Tybee Island: My First Marathon

I finished my first marathon! I can officially call myself a "runner"...I think?!

I decided I wanted to do this way back in high school, when I overheard my cross country coach tell another runner that "completing a marathon is one of the greatest accomplishments in one's life". So when my sorority sister, Amanda, began training for her first marathon in 2002, I showed enough interest (read: I was her overwhelmingly curious groupie) that she invited me on board for her second.

After committing ourselves to 18 weeks of training (and NO trips to the bar!), we made the trip to Tybee Island, Georgia with a group of other runners from Camp Seafarer. In addition to the group support, Amanda and I had quite the fan club: my Mom, Mima, Phi Mu little sis Neena, roommates Jen and Shannon. The start of the race offered big crowds and lots of excitement. I had tears in my eyes....it was just awesome!!

Miles 1-10 were nice and steady. I ran with Amanda and was sooo happy to have someone there with me during my first race. I wish I would have paid more attention to my surroundings...and less attention to the super cool running acessories and outfits the people around me had on. Every once in awhile, Amanda would point out funny things that I was missing since I was checking out the shoes in front of me.

We got to see our support crew at mile 7, which didn't take much effort since Mima had on a bright orange beanie and Shannon looked like she just walked off of a runway (fur coat, pageboy hat, full make up...gotta love her!). It was good to see familiar faces. I ran up and jumped on them with excitement, but also secretly hoped they would piggy back me the next 19 miles...of course, they didn't offer!
The hard part of the race came at mile 13, when the half marathoners finished and we had to keep running. The island itself is very small, so the course is essentially one lap around for the halfers and...you guessed it...two laps around for the full marathoners. It took every ounce of emotional strength I had to stay cool when I saw the finishing runners stop, get their medals, hug their loved ones, and cry/smile/shout with the sheer joy of accomplishment. I had another 13 miles to go before I could do any of those things...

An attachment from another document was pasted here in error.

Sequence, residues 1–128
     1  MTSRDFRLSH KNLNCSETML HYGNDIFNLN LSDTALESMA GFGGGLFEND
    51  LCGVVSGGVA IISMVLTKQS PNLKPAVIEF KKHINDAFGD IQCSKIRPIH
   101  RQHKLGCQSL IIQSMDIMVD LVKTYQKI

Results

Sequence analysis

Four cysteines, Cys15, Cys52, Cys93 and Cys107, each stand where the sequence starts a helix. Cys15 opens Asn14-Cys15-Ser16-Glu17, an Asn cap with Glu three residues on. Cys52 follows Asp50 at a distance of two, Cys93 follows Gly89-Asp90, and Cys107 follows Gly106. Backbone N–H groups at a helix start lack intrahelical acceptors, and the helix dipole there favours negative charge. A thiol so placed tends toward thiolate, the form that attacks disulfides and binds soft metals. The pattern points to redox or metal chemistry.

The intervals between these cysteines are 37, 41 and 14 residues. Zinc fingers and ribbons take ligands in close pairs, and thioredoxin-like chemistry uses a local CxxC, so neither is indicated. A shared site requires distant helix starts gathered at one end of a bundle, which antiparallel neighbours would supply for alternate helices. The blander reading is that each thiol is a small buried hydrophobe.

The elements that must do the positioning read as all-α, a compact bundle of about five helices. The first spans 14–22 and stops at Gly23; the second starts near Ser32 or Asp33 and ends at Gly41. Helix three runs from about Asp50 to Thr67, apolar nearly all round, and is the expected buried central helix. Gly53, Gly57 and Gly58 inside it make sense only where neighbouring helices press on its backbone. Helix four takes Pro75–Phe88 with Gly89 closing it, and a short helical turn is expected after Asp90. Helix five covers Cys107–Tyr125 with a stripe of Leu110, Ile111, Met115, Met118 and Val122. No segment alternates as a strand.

I was not prepared for the last 6 miles. Since my training "long runs" had consisted of 16,18 and 20 miles, I did not have the experience to be able to feel strong on this bit of uncharted territory. I seriously had to have some mental talks with myself to keep going; my legs felt like they weighed 100 pounds each with the strength of rubber bands! Amanda and I were not chatting at this point, but we both knew we were "in it" together.

I finally saw the chute and just took off sprinting. Amanda and I finished together and our final time was 5:19:52. Since my goal was simply to finish, this was great news! Amanda beat her previous marathon time by almost 20 minutes, too. For these reasons (and the simple satisfaction of being able to STOP), we were both crying our eyes out as our crew greeted us with flowers, stuffed animals, and high fives.

Although the pain was more than anything I've ever experienced (yes, I'm counting the all 4 impacted wisdom teeth thing), running a marathon was VERY worthwhile. After all, I'm a "runner" now!